Kokusai Hoken Iryo (Journal of International Health)
Print ISSN : 0917-6543
Volume 19 , Issue 1
Showing 1-4 articles out of 4 articles from the selected issue
review article
  • Osamu KUNII
    2004 Volume 19 Issue 1 Pages 3-9
    Published: 2004
    Released: September 30, 2005
     Health sector has increasingly played a critical role in global trends of development assistance toward focusing human-centered development and poverty reduction, sharing common goals such as `Millennium Development Goals', and expanding sector-wide approaches and donor harmonization. Japan has contributed to the developing world as the top or leading donor over a decade, and has extensively committed itself to health-sector assistance. In particular, Japan has announced commitments to fighting some of the global health issues through the Global Issues Initiative on Population and AIDS, the Global Parasite Control for the 21st Century known as Hashimoto Initiative, and the Okinawa Infectious Diseases Initiative. However, to increase efficiency and effectiveness, and world's proper appreciation of Japan's development assistance for health, some challenges should be tackled, including priority settings in issues and approaches, more strategic collaboration/coordination with overseas and Japanese development partners, and human resources development and retention in Japan.
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original article
  • Mariko SAKAMOTO, Seiko MIZUTANI, Yasuyo OJIO
    2004 Volume 19 Issue 1 Pages 11-18
    Published: 2004
    Released: September 30, 2005
     The opportunity for the community health nursing profession to engage in international cooperative activities is increasing in recent years. Many challenges are anticipated for developing the cooperative activities, since the basic situations in each country regarding the environment, the cultural background or the health system are quite different. However analysis of the challenges is not enough, we must also understand limitations based on individual personal experiences. The purpose of this report is to describe the challenges that interrupt the development of cooperative activities.
     The target group was sixteen public health nurses who were sent to developing countries as JOCV (Japan Overseas Cooperative Volunteers) from June1997 to March 1999. The research was conducted for two years. Data were collected from each participant using five semi-structured questionnaires and analyzed using qualitative methods for the following areas: (1) challenges, (2) changes in viewpoints about the language learning, and (3) changes in participants' health conditions.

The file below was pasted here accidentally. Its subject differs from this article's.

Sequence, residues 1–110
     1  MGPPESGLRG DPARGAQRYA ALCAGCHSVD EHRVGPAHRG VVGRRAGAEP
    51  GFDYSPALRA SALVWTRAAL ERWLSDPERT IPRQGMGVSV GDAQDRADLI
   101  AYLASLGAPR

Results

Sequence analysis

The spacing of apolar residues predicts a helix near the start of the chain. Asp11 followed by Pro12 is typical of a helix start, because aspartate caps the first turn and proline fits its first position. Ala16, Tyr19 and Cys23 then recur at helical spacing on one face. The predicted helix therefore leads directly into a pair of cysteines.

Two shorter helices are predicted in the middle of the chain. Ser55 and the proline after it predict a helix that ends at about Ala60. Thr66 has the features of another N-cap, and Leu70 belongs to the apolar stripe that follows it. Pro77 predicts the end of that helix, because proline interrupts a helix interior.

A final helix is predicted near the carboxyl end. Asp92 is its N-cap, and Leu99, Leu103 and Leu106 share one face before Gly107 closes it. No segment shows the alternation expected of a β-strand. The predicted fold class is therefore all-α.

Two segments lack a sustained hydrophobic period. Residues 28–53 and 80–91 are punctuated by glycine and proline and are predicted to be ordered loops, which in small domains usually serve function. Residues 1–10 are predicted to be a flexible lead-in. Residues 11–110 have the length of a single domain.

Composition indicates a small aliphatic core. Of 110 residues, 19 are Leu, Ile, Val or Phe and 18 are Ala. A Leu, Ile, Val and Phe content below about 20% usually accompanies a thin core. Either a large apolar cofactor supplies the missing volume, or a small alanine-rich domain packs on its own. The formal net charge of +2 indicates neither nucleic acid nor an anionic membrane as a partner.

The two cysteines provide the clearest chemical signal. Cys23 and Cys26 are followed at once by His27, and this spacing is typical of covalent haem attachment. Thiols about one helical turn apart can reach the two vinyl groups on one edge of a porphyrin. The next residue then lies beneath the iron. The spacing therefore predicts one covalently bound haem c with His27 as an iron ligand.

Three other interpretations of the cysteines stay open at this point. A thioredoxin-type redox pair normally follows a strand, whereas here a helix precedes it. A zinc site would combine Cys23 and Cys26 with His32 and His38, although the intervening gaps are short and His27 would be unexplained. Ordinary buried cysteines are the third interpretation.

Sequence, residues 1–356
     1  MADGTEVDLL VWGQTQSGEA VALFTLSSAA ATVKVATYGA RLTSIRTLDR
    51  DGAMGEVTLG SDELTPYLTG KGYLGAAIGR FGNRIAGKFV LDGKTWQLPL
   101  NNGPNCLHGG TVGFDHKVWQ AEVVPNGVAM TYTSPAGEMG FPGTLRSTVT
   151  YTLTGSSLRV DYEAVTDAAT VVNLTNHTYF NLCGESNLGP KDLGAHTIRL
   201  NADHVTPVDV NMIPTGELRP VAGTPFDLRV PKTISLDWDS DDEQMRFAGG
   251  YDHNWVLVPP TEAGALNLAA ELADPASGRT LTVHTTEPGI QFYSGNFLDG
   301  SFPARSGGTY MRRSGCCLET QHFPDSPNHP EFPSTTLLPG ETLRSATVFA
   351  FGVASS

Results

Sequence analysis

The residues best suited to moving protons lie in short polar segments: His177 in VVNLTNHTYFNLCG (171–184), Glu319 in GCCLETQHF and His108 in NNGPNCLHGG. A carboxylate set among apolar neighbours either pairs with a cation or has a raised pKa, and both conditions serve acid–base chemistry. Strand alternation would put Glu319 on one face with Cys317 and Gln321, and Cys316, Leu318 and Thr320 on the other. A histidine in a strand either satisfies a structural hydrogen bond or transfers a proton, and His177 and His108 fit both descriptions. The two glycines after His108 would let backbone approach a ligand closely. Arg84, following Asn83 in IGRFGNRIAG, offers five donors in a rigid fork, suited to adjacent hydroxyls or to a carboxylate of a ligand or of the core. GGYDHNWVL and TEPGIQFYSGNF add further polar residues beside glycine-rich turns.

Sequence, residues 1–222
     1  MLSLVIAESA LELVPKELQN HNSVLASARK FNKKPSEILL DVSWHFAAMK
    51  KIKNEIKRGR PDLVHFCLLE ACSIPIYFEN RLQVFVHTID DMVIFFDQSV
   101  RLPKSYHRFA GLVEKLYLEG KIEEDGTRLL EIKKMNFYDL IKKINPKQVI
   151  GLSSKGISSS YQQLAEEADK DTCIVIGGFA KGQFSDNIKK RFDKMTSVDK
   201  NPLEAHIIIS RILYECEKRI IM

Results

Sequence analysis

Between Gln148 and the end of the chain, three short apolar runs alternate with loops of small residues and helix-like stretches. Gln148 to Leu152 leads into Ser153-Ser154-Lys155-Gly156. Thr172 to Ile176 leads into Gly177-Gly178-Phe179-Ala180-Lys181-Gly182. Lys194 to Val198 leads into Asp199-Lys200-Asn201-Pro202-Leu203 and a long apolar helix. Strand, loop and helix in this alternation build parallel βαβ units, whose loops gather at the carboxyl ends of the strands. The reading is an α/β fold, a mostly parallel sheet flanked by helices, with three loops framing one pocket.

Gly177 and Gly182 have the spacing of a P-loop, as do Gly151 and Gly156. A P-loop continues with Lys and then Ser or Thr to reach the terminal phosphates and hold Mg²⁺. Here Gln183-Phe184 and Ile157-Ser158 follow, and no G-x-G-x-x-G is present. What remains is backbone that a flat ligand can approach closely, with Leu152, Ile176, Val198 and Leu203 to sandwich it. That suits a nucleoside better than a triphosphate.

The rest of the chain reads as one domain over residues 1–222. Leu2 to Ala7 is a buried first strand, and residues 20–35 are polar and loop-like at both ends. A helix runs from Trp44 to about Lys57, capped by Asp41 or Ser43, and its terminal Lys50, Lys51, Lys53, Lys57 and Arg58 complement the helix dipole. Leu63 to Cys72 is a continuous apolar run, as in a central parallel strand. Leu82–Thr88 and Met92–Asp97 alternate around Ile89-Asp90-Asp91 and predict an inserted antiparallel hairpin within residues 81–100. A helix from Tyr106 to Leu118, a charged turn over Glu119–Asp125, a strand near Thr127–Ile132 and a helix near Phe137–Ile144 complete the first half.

Fifteen participants returned the questionnaires. Results showed wide variation in the challenges described, and the challenges changed during the period of assignment. During the beginning period, there were many descriptions about difficulties based on daily life and cultural adaptation. Afterward, challenges based on the cooperative activities became the core of issues to resolve. Some challenges involved a lack of information for planning the cooperative activities, lack of funds, a too-short time frame, local staff's resistance to the out-reach activities. Also some issues were very difficult solely on the basis of the personal effort required
     When we carry out cooperative activities in developing countries, there will inevitably be various challenges. However, there are two types of challenges, challenges able to be resolved by personal effort and challenges in need of system responsiveness. To develop effective cooperative activities in a limited period, it is necessary to understand the possible challenges that will happen and take measures to prevent avoidable situations.
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field action report
  • Hiroyuki NAKANO
    2004 Volume 19 Issue 1 Pages 19-26
    Published: 2004
    Released: September 30, 2005
     Between June 1998 and January 2000, "The Master Plan Study on Strengthening Primary Health Care Services (JICA PHC Study)" was executed in the Republic of Malawi. The purpose of the study was to formulate a central region master plan and a national master plan to improve the primary health care (PHC) system, and to transfer essential research, analytical skills, and methodologies to Malawian counterparts. The health investigations covered the referral system, human resources, health finance, policy and management, the health management information system, community participation, logistics systems and health facilities and supplies. As a result of the study, childhood malnutrition, maternal health, and the inappropriate role of informal drug-sellers, in the PHC system were found to be key health issues, and on the basis of these problems the national master plan was formulated with six prioritized proposed projects. In this report, the following challenges to the execution of effective and efficient study were discussed and recommended through the review of health development studies conducted in five developing countries including Malawi; 1) the study purpose and the concept of a master plan should be clarified, 2) the study outcome should be evaluated and utilized effectively, 3) terms of reference for the study should be reviewed and improved, 4) a better relationship with counterparts and donors should be developed, and 5) a capacity of participants in the study such as consultants should be built up.
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